by Julia Steiny
Sometimes achieving Justice is as simple as listening until the victim feels heard.
Increasingly, the formal legal system has taken responsibility for conflict management out of the hands of ordinary people. The restorative justice movement is particularly critical of how the traditional justice system sidelines crime victims almost entirely. As we all know from TV courtrooms, the crime is expressed as the State versus Julia. But where are the victims? They're the occasion of the crime, to be sure, but at most they might write an impact statement to be read at sentencing or get some sort of Court-determined restitution. Only the police are much interested in what victims have to say, and even their interest does not extend to what victims might want or need. So lawyers and judges are by no means accustomed to asking how on earth such behavior – from obnoxious to heinous – came to pass, never mind how healing from this rift or crime might come about.
A professor of law, a former State's Attorney and now the Governor's liaison to the criminal justice program, Robert Sand has law-and-order cred. Speaking at a recent Restorative Justice conference, he says as communities lose their tightly-knit character, they also lose their ability to handle their own conflicts. So conflicts of all kinds are either ignored, which can lead to festering, or are handed over to the formal justice system, where victims are non-entities. As a result, Sand says, fewer people get what they really want, which is to be heard. Among his other stories, all far more grisly, he tells this trivial one to illustrate the efficiency and satisfaction of meeting a victim's needs.
In one of Vermont's many rural counties, an enterprising woman decided to set up a roadside farm stand to sell the excess of summer vegetables she'd been producing. The display had an umbrella to shield the vegetables from the summer sun, a price list and a cigar box to collect the money on the honor system.
After some time she realized that a woman and her son were routinely stealing zucchini. Infuriated, she installed a video camera to catch them in the act, and did. With hard evidence in hand, she took her complaint to the local police station. By all accounts it was theft, which is a crime.
Sand reminds his audience that at the end of the growing season, zucchini is so plentiful that you can't give it away. But rather than be dismissive and unresponsive, a Vermont Court Advocate took on the case. Very civilized.
Just by having a conversation, the Court Advocate quickly found that the woman didn't particularly want the thief to be punished or even to make restitution. She certainly didn't want that boy's mother to go to jail. What she did want was to tell that woman how sad and disappointed she was for her and her son.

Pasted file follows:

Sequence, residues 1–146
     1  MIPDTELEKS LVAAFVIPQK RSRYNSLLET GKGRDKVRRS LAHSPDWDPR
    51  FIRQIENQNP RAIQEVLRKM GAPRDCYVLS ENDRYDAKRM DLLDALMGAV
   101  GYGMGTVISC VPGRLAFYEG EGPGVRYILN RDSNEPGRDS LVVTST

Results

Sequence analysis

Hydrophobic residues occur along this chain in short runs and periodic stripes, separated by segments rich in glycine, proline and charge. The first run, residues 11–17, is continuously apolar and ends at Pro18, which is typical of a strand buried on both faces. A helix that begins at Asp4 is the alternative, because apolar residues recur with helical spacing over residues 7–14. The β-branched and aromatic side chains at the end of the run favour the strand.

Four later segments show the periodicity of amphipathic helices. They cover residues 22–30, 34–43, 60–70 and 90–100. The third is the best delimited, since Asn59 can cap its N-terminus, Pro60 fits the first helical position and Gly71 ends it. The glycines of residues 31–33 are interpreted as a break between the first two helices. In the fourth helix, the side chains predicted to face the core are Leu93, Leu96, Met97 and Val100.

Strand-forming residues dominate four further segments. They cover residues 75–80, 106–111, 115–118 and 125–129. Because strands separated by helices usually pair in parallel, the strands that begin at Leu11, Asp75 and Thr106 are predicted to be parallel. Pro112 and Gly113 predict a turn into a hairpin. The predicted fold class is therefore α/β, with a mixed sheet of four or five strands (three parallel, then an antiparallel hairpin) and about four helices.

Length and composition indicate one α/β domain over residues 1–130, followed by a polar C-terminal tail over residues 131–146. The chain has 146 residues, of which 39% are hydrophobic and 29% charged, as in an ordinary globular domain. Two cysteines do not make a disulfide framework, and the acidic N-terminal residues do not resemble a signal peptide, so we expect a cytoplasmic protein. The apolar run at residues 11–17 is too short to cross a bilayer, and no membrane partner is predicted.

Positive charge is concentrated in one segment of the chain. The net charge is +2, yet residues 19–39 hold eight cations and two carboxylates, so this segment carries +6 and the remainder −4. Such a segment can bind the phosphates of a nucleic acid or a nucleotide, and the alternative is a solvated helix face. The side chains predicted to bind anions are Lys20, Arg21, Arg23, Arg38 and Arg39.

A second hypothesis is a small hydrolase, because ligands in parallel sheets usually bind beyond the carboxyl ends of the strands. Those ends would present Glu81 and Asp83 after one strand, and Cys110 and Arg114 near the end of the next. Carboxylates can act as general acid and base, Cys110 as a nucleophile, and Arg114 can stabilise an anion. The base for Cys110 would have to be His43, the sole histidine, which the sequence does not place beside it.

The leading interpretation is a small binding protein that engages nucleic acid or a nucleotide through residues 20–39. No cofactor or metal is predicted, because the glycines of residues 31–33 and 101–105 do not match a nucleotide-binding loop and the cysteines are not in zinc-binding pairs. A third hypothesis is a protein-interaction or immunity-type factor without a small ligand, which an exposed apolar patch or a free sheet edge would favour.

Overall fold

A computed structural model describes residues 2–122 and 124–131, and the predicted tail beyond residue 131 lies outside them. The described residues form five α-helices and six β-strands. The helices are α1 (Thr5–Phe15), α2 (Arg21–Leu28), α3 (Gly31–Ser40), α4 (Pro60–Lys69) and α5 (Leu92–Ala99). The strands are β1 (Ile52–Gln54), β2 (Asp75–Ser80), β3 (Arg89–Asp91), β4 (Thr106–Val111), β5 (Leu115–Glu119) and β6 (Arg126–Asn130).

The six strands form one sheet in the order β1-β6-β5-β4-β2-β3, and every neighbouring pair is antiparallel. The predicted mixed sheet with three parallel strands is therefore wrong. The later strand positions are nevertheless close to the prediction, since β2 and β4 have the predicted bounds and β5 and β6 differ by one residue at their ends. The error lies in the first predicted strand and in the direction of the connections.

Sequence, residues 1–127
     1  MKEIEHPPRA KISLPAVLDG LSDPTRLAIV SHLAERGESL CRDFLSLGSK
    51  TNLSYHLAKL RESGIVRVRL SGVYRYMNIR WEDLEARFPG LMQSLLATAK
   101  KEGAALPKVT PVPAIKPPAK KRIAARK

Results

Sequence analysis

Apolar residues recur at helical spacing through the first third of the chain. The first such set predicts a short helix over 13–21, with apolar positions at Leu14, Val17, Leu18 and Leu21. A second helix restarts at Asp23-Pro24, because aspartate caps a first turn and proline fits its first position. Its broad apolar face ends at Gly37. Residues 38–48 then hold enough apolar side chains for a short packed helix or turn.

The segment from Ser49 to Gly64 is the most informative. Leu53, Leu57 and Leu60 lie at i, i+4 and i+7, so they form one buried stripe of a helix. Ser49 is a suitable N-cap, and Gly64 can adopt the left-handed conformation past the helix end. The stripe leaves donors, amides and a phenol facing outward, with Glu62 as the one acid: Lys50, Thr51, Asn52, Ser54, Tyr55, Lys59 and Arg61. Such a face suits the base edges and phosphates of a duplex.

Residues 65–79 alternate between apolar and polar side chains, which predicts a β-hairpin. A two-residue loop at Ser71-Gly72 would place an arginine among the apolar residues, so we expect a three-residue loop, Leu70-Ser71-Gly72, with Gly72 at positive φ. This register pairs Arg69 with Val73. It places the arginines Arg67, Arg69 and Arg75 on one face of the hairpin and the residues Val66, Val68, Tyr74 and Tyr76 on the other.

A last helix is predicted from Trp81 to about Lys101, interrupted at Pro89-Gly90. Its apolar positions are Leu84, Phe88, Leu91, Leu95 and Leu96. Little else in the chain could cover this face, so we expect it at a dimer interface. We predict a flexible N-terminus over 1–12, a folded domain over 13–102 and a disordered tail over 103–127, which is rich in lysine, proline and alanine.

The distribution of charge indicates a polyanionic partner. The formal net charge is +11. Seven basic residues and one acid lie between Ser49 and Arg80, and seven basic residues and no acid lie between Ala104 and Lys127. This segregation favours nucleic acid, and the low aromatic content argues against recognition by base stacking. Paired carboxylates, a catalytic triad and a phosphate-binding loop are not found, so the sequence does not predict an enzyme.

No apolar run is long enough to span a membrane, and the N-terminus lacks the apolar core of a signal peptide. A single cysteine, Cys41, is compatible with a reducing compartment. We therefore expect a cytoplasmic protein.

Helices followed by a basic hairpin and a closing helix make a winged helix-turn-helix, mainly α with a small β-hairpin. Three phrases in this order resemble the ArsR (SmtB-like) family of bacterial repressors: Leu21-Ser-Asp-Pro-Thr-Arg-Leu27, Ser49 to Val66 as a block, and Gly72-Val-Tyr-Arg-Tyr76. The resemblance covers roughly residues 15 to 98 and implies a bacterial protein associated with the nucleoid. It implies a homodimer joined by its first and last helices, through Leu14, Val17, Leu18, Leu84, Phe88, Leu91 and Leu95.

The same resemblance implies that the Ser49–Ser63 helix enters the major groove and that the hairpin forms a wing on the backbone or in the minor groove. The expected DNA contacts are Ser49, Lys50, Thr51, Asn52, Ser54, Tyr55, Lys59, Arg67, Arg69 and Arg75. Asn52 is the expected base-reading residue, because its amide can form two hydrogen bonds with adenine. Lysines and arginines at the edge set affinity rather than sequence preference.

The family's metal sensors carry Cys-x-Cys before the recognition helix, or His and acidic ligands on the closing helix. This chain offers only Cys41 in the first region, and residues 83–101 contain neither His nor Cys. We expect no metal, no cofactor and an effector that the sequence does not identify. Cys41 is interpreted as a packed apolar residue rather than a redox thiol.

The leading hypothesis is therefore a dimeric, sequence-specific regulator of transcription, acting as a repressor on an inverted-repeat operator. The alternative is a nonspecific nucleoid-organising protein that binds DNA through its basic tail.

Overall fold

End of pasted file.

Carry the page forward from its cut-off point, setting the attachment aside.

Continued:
The Advocate identified the perpetrator from the video, explained the situation and set up a meeting. Together the vic, perp and Advocate had a structured and supervised conversation in a room at the Courthouse. It didn't take long. The regional court system had no more dealings with the offending mom or her son, and for all we know hearing how much they'd betrayed the trust of that vegetable-vendor put them both on the straight and narrow.
But whatever the effect on the offenders, the conversation made the victim happy. She was, after all, in the right – however trivially. And she was only asking to be heard.
Now you may think that spending Court resources on such a crime is a waste of taxpayers' money. But I'm entirely with the vegetable lady wanting to hold that mom accountable for disrespecting a local honor system. More importantly, modeling theft to the young is always a bad idea, no matter how petty. I don't think I could have confronted that mom without some authority standing by me. Where else could she have turned?
Sand's point is that we can no longer let Courts act as official non-listeners. Very often, hearing the victims' stories shows the case in a surprisingly different light. And many times, as in this one, listening can just make a case go away, with a little learning and healing under the parties' belts.
But what we've got right now is a judicial system that is not only blind, but stone deaf. Where's the justice in that?
Julia Steiny is a freelance columnist who also blogs about Restorative Practices and Restorative Justice. After serving on the Providence School Board, she became the Providence Journal's education columnist for 16 years, and has written for many other outlets. As the founding director of the Youth Restoration Project, she's been building demonstration projects in Rhode Island since 2008. She analyses data and provides communications consulting on Information Works! and the RIDataHUB, through The Providence Plan. For more detail, seejuliasteiny.com or contact her at [email protected] or 24 Corliss Street #40022, Providence, RI 02904.